The pace at which cannabis companies are raising new funds is quickening:
source: CB Insights
More than half of the states that comprise the United States of America now permit some kind of cannabis use. Ben Larson points to "clear evidence that this is a largely growing market with a critical mass of Americans pushing for legalization. All trends and momentum point towards legalization and increased consumption."
Also, the legal cannabis industry is just now beginning to reach the mainstream, and there are few incumbents for startups to contend with.
Keith McCarty observed that "the supply chain of this industry is evolving quickly, meaning there are novel opportunities to integrate and partner at multiple levels, something you don't see in more established industries."
Larson agrees, saying that "There are no clear winners right now in any given vertical within the [cannabis] industry. In a day of Netscapes and Friendsters, [investors] have the opportunity to back the future Googles and Facebooks."
That vision of vertical-dominating cannabis companies akin to the Facebooks of the world has its own unique challenges.
There will be growing pains. A combination of of legal issues and social stigma make it difficult for cannabis companies to operate like more traditional companies. McCarty cited difficulties with payments processing, interstate logistics and marketing as sticking points.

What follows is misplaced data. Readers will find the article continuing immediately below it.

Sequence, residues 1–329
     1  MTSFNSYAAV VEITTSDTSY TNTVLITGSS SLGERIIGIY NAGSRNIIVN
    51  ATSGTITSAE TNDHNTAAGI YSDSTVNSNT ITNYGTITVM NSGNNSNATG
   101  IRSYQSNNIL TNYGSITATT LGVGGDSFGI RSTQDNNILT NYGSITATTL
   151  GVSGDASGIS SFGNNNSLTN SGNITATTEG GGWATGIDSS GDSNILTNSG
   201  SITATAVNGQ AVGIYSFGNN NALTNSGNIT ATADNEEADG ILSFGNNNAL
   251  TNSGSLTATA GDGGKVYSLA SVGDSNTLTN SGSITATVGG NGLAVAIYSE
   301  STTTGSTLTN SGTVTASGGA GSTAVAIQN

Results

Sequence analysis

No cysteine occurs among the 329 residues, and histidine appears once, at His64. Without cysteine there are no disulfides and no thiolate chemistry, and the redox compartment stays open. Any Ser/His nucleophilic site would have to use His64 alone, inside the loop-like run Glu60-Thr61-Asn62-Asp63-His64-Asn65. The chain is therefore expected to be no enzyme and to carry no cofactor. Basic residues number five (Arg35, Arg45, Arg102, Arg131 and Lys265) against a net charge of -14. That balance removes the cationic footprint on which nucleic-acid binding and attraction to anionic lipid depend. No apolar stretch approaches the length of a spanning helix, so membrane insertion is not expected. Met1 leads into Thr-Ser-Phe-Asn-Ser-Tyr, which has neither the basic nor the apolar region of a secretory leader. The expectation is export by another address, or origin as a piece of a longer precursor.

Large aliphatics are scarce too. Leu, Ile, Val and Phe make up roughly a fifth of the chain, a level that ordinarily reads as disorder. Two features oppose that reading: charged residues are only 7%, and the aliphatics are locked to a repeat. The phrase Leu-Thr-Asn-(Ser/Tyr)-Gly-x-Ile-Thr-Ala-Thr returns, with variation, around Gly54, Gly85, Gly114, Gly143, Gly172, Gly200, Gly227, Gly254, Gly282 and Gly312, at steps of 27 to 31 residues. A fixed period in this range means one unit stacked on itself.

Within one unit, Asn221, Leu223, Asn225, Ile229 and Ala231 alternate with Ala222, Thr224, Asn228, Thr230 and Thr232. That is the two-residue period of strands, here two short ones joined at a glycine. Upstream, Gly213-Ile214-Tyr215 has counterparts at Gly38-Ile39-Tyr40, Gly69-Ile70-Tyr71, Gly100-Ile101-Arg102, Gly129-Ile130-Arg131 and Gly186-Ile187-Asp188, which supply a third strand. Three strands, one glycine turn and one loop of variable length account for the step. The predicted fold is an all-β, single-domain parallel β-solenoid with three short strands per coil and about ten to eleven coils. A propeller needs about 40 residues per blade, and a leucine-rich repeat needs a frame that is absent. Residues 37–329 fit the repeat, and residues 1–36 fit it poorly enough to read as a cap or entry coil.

Buying advertisements on Twitter or Google can be a challenge, for example. "In the cannabis industry, you can barely get an account, let alone purchase ads. These are just the tip of the iceberg of the unique challenges you have to manage to be successful in this industry, but the rewards [for overcoming them] are significant," according to McCarty.
Ben Larson highlights a different challenge. For many aspiring cannabis entrepreneurs, there is a steep cultural learning curve. "Understand that this is a black-market turned social movement that is quickly transitioning to a capitalist-driven professional industry. In the past, you'd call the cops on your competitors, because of course you were breaking the law, but now there can't be any patience for petty back biting. The industry has to adopt similar traits as the tech industry, such as mentorship and paying it forward, or collaboration and competition."
Cannabis startups are just startups, after all, and he wants the entrepreneurs Gateway works with to be indistinguishable from others.
I'd say the following: There are many large companies that work in what you could call cannabis-related fields. That includes companies from Pepsi to your local doctor. The market opportunity for startups working with cannabis is big. Expect some flameouts, some big deals, some failed potential, and some over-promises.
But as long as market demand persists — and it will — the venture dollars will continue to flow. Next up: Big Pot.